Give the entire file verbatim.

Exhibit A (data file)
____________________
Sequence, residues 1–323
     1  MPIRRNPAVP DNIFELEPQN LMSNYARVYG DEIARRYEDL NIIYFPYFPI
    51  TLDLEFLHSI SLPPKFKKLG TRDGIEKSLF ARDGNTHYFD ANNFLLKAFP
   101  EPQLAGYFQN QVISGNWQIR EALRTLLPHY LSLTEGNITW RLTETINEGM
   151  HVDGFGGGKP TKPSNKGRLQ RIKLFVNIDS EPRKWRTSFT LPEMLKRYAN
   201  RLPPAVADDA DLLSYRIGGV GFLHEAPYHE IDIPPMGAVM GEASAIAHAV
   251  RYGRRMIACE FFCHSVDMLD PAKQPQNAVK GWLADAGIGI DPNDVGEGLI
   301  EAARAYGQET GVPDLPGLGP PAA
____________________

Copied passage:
Sequence, residues 1–323
     1  MPIRRNPAVP DNIFELEPQN LMSNYARVYG DEIARRYEDL NIIYFPYFPI
    51  TLDLEFLHSI SLPPKFKKLG TRDGIEKSLF ARDGNTHYFD ANNFLLKAFP
   101  EPQLAGYFQN QVISGNWQIR EALRTLLPHY LSLTEGNITW RLTETINEGM
   151  HVDGFGGGKP TKPSNKGRLQ RIKLFVNIDS EPRKWRTSFT LPEMLKRYAN
   201  RLPPAVADDA DLLSYRIGGV GFLHEAPYHE IDIPPMGAVM GEASAIAHAV
   251  RYGRRMIACE FFCHSVDMLD PAKQPQNAVK GWLADAGIGI DPNDVGEGLI
   301  EAARAYGQET GVPDLPGLGP PAA